While internal politics and representation challenges add melodrama to the history of a labor union, they cannot change the primary goal of any labor organization--to better the terms of employment of those it represents. The contracts negotiated by labor unions with management document those terms of employment. Just as labor unions and their locals come in various sizes, so do union contracts.
The four booklets containing the 1976 agreements between the Ford Motor Company and the United Automobile, Aerospace and Agricultural Implement Workers of America (UAW) contain more than eight hundred pages. In contrast, the agreement between the Fulton County Typographical Union No. 268 and American Fancier signed on October 19, 1901, is only one page.
The actual text of a union contract may be laden with legalese, such as the Newspaper Contract and Scale of Prices between the Chatham Courier Company and the Columbia County Typographical Union No. 896 effective June 1, 1959, shown below. However, despite the sometimes confusing language, contracts are valuable historical resources, providing insight into the working conditions prevailing at a single plant or within a given industry, and what compromises labor and management were able to arrive at regarding those working conditions.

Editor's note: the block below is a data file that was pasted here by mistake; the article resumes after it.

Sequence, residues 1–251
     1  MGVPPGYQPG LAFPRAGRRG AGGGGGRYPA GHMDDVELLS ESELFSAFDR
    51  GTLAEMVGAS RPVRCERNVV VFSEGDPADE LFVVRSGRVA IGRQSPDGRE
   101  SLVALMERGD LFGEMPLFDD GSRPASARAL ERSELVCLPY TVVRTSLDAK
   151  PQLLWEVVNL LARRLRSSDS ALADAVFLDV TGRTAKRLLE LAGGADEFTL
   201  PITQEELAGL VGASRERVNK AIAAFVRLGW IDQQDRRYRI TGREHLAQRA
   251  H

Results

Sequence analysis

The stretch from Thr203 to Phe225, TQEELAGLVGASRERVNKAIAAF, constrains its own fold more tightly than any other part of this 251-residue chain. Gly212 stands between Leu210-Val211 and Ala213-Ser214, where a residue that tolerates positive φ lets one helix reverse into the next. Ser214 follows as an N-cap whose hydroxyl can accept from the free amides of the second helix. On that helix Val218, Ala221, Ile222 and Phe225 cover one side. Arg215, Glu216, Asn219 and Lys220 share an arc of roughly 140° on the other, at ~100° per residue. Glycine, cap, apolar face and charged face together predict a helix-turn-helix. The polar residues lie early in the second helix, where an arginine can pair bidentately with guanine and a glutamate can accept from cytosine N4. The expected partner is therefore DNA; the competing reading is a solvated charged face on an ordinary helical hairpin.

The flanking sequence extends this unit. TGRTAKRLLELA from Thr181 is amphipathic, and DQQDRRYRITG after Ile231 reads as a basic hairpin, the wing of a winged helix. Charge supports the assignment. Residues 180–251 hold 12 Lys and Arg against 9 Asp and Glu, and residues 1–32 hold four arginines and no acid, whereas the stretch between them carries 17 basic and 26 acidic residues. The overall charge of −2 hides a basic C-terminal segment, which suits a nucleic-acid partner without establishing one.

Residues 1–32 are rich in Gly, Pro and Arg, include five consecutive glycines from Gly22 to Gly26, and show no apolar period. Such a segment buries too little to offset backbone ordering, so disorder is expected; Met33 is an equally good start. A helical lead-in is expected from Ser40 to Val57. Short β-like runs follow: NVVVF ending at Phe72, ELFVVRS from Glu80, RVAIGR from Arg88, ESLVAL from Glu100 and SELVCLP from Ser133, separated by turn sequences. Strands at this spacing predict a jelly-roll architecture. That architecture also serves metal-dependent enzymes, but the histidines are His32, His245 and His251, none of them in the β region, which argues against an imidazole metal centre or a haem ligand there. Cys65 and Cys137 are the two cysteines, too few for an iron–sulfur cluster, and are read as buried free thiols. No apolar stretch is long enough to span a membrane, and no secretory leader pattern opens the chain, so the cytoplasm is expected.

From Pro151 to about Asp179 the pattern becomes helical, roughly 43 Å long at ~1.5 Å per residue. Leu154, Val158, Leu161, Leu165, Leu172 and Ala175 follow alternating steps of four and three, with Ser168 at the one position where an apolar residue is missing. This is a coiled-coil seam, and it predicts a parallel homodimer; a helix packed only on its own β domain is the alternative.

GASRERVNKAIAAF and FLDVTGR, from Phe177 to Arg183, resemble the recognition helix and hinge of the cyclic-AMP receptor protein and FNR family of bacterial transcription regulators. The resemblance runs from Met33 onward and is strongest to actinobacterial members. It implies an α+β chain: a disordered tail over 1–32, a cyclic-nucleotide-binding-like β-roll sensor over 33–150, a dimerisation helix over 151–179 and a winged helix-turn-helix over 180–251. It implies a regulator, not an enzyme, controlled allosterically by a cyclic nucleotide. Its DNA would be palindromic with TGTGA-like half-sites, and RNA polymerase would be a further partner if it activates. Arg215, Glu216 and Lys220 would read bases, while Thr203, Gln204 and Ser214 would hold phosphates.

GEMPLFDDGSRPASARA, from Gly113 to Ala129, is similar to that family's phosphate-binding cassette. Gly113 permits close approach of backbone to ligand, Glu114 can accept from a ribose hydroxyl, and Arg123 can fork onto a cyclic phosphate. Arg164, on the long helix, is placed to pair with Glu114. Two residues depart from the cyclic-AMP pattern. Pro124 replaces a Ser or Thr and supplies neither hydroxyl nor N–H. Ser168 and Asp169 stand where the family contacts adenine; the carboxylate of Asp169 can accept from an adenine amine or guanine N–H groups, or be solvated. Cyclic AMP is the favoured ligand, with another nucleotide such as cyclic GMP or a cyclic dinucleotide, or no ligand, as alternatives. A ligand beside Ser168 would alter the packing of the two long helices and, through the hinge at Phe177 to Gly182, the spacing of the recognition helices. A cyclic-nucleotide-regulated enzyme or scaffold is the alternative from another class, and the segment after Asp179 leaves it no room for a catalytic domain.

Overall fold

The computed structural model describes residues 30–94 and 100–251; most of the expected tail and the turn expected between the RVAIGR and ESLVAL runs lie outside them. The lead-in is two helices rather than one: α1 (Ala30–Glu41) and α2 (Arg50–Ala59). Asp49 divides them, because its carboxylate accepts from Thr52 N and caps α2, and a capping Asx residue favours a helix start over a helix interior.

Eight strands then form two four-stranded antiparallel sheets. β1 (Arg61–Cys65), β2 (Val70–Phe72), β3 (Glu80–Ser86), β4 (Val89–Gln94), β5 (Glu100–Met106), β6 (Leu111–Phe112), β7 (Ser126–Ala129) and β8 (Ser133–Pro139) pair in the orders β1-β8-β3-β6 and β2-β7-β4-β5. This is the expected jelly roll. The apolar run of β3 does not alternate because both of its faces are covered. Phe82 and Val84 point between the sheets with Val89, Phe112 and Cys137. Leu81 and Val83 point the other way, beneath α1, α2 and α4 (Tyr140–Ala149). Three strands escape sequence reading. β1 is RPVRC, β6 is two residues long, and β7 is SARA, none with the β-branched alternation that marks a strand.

For example, the agreement between UAW Local 930 and Ford Motor Company's Green Island Plant effective October 2, 1979, provides detailed information regarding certain aspects of working life at the plant, from how many towels will be kept on hand at the plant to spelling out the details of temporary job classifications.
The final contracts reached between labor and management, however, provide only part of the picture when it comes to understanding the interactions between those two groups and the specific concerns each is seeking to address during each negotiations cycle. The contract may reflect prevailing working conditions, but not indicate whether the final terms were more in line with the hopes of management or of labor. For such information the documentation underlying the final signed contract is extremely valuable.